Nikon 17-55mm f/2.8G DX Lens Review

This review originally appeared on in September 2004. It has been updated and reformatted several times since then, including the most recent changes for the site.

bythom nikon 17-55

What is It?
With the introduction of digital SLRs (DSLRs) in 2009, many photographers lamented the fact that their favorite zooms, such as the 28-70mm , suddenly became less useful, as they lost their wide angle capabilities. With the smaller DX sensor size of the early Nikon digital bodies (D1 series, D100, D2h, Fujifilm S2 Pro), the angle of view for a 17mm focal length was effectively that of a ~26mm lens on a 35mm SLR. 

Many professionals regard 28mm at the start of the wide angle range and not overly useful, so they immediately went out and bought the Nikkor 14mm, which at least got them a 21mm equivalent angle of view (the Nikkor 20mm f/2.8 was probably the wide angle most in use by outdoor and nature professionals like myself early in the film SLR era). Still, this really didn't give them any flexibility with wide angle extending into the midrange. The wide-angle zooms helped a bit (17-35mm, 18-35mm, 12-24mm), but they didn't extend into the mid-range and moderate telephoto.

Nikon's solution to the missing lenses was to launch a new series of optics—the DX lenses—which are designed with an image circle more appropriate to the smaller sensor size of the digital lineup. Essentially, these lenses are designed solely for use on Nikon DSLRs (and the Fujifilm DSLRs), though as you'll learn, some can be used in a limited fashion on 35mm bodies.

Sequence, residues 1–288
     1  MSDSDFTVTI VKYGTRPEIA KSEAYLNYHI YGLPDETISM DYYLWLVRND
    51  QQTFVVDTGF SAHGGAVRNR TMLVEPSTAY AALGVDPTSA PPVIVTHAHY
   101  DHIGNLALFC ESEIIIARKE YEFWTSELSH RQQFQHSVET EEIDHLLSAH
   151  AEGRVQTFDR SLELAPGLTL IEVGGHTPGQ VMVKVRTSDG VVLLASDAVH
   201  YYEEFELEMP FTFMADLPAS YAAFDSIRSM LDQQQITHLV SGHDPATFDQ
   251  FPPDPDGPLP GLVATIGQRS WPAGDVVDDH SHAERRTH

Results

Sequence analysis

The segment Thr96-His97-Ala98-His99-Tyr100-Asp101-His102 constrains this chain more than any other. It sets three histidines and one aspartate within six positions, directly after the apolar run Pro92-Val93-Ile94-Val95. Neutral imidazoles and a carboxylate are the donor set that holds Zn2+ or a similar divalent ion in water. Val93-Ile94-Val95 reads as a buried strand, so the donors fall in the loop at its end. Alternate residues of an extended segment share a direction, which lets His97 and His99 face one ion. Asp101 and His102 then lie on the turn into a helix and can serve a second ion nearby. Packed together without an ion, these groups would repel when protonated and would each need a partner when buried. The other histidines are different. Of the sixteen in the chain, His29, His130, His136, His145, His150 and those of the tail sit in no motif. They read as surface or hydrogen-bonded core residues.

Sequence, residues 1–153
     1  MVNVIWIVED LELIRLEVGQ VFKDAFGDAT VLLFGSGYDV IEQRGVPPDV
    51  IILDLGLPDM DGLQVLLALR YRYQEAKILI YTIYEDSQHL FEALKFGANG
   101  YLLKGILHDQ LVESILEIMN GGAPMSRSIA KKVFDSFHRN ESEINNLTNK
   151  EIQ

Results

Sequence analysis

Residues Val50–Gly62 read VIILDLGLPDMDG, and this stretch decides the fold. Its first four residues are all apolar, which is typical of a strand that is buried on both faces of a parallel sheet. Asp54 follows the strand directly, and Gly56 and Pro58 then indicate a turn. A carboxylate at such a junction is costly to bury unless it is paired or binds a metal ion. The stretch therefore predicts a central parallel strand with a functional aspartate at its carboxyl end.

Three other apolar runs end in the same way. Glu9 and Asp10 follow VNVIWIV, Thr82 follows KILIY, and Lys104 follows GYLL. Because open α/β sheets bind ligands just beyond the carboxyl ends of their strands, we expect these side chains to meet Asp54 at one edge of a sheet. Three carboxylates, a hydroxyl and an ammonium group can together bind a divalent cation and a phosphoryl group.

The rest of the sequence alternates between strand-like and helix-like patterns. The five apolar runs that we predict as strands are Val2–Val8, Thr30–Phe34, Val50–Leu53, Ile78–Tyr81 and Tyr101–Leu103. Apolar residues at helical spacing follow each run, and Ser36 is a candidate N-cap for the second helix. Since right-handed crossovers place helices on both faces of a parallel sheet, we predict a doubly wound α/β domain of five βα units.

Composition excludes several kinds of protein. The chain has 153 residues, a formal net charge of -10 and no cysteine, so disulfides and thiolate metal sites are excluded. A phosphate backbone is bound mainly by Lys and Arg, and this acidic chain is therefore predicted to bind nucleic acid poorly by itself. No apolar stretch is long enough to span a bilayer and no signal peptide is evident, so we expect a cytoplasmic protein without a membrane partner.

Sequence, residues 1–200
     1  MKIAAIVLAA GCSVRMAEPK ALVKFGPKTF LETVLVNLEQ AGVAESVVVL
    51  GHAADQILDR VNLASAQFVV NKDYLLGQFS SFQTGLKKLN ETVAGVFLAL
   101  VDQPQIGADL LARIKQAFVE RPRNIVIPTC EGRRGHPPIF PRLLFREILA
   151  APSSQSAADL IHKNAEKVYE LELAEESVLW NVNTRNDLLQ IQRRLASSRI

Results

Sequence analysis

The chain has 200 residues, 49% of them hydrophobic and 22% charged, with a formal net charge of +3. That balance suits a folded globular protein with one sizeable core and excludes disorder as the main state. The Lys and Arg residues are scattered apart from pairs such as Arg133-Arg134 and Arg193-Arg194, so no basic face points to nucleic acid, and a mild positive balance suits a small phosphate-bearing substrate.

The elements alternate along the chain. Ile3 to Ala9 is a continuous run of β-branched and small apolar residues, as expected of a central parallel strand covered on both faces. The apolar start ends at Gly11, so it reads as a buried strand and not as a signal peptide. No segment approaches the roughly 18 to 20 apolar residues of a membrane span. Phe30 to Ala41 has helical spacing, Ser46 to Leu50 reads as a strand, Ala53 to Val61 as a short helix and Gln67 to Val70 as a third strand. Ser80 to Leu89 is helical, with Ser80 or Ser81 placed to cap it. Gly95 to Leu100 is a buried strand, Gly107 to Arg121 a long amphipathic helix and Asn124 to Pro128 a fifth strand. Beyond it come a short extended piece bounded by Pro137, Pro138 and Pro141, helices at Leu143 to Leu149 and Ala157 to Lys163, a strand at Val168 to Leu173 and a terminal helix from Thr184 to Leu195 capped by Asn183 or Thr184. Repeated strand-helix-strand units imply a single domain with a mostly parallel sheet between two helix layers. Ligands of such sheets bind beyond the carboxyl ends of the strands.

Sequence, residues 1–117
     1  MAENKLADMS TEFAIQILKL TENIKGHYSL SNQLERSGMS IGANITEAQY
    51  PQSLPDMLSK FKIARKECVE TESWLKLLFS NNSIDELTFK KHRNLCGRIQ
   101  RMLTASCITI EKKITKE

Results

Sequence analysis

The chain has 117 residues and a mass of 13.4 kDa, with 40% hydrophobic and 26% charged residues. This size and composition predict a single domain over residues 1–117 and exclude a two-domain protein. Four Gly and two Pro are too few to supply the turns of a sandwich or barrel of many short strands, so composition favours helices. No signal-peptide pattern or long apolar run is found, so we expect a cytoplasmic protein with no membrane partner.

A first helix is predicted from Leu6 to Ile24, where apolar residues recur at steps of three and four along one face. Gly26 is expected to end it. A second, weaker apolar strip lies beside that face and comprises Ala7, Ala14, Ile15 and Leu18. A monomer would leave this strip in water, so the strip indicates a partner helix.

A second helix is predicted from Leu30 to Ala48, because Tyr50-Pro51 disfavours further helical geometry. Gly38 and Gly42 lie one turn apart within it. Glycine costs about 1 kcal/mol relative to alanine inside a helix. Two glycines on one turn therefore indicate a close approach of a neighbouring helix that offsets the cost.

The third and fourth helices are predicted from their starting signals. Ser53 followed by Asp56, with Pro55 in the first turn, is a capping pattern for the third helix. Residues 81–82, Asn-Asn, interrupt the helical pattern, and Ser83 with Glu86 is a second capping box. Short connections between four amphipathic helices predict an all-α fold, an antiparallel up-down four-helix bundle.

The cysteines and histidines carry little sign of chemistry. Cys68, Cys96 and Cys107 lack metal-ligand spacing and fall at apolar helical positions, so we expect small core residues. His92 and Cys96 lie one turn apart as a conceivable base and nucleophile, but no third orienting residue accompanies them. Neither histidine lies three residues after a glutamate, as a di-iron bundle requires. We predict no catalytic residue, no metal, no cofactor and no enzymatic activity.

As I update this article, Nikon has 26 DX lenses (though many of those are duplicate kit and superzooms). But when I first picked up the 17-55mm that's the subject of this review, the only other DX lenses were the D70 "kit lens" (18-70mm), the 10.5mm full frame fisheye, and the 12-24mm f/4 AF-S. Yes, the subject of this review, the 17-55mm f/2.8G DX is an old lens at this point.

The 17-55mm DX lens is a lot larger than you might expect, being only slightly smaller than the old 17-35mm for full frame cameras! That's despite producing a smaller image circle. The minute you pick up this lens, you're going to be curious why it is as large as it is. (Hint: it's all about performance.)